- Report of the drugs misuse needs assessment carried out by Day-mer Turkish and Kurdish community centre amongst the Kurdish, Turkish and Turkish Cypriot communities in London
- Bektas, A; Cathel, P; Demir, G; Kangulec, S; Ozdemir, S; Tavsanoglu, S; Walpole, T
- Jul 2001
The project has seven key aims: to identify how much the Turkish-speaking population use the services of drug agencies; to identify levels of awareness of drug services in GP surgeries; to establish the level of drug education aimed at the Turkish, Kurdish and Turkish Cypriot communities; to establish the level of drug education aimed at the wider British population; to identify where drugs are used; to examine the appropriateness of services; and to introduce research skills to members of the Turkish-speaking community.
The researchers wrote separate questionnaires for targeted groups including drug users and community organisations. A co-ordinator from the Hackney Drug Action Team [DAT] was approached and asked to approve and support the project; a liaison officer from the DAT subsequently joined the project steering committee. The steering committee oversaw the design and implementation of the project and advised on issues such as access to drug users and drug agencies, the content of questionnaires etc. Target groups were accessed via formal written requests. Two after school sessions were held with Turkish-speaking youth, and 37 questionnaires were received from this group. Drug agencies were harder to involve, and only one questionnaire was received. Six further questionnaires were completed by users of coffee shops that were known for their association with drugs. Clients of community organisations and the users of coffee shops were interviewed to get a wider community input.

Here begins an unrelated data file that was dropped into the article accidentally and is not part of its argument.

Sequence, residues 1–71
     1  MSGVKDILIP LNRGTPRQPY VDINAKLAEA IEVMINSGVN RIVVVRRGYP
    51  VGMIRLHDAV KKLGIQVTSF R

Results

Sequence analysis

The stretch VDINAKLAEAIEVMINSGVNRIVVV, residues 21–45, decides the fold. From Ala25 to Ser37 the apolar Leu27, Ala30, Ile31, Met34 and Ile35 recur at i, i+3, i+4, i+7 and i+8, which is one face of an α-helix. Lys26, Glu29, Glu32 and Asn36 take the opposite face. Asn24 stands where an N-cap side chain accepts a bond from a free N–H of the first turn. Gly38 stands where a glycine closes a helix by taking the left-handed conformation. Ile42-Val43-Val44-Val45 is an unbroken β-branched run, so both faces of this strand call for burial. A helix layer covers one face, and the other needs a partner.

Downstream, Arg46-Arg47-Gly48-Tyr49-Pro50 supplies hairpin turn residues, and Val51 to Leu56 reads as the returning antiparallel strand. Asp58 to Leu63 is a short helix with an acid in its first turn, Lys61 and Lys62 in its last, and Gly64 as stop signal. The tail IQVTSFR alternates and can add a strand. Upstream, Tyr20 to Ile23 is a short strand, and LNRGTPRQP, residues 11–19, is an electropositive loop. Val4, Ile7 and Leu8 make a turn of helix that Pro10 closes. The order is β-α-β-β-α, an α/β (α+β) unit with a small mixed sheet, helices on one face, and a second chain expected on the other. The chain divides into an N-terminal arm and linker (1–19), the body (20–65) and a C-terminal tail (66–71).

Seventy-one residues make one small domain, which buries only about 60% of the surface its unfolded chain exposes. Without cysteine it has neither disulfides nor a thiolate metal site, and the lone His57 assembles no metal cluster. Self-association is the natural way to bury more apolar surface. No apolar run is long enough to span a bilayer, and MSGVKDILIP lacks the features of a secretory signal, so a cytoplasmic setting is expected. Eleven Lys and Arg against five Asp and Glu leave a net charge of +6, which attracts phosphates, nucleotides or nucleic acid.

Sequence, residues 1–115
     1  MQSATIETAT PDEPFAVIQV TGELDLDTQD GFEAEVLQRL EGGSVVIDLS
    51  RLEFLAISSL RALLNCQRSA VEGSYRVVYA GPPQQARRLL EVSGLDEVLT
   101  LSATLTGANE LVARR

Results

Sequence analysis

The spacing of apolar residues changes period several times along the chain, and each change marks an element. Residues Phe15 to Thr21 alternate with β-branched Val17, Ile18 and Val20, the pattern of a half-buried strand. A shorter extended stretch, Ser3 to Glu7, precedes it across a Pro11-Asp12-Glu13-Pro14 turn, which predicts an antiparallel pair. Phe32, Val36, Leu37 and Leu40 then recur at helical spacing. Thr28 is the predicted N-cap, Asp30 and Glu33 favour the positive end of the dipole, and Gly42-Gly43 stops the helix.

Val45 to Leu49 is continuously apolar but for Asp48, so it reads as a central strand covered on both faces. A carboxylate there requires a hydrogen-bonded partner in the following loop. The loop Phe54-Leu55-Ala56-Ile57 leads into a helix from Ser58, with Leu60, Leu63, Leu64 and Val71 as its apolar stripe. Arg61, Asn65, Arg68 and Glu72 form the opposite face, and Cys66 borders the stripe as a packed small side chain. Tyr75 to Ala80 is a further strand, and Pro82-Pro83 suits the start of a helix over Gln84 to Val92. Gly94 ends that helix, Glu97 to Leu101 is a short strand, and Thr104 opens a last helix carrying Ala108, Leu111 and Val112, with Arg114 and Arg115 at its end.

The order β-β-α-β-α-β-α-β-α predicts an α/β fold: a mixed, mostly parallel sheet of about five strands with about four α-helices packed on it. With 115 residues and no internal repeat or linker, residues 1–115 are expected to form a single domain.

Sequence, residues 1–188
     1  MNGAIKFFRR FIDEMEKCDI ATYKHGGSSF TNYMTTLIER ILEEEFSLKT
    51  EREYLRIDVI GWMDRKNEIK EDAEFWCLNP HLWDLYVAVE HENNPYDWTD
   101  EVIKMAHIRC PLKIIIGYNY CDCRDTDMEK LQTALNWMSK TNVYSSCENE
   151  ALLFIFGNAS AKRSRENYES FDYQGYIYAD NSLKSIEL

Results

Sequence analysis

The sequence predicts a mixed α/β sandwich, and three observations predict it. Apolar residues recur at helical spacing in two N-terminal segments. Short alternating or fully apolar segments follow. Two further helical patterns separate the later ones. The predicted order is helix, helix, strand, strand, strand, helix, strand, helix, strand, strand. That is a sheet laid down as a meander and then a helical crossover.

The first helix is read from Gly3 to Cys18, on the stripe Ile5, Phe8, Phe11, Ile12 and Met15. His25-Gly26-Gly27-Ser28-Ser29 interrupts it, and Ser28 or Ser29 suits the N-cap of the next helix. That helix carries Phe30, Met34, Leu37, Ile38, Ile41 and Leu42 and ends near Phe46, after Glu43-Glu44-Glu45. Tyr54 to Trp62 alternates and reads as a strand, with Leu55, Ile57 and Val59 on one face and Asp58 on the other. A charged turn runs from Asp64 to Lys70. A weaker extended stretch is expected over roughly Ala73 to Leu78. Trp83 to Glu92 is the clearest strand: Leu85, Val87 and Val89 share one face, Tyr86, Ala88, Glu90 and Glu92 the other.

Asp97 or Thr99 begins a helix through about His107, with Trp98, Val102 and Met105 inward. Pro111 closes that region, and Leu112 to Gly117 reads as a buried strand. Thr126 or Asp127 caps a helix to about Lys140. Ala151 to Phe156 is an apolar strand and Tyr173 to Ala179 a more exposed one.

The researchers found a lack of awareness of problematic drug use within the Turkish-speaking communities, despite an overall belief that drugs are widely available on the streets and in entertainment venues. Drug use is a taboo subject within the community, very little information about drug misuse is available and not enough of this information is translated into Turkish and Kurdish. Few drug users know about the services provided by community organisations; this is also the case for drug agencies. Consequently, service uptake is low. Some community organisations were reluctant to provide services to drug users because they feared that this would put off their non-drug using clients and that they would become a target for drug dealers.
Community organisations should promote a wider knowledge of drug misuse within the Turkish-speaking community. Further, culturally appropriate drug awareness campaigns should be launched in schools and community centres. Drug agencies should employ Turkish and Kurdish-speaking staff, information material should be provided in Turkish and in Kurdish, and there should be more networking between community organisations and drug agencies.
- Resource Type
- Research report
- Commissioned By
- Department of Health
- Funded By
- Department of Health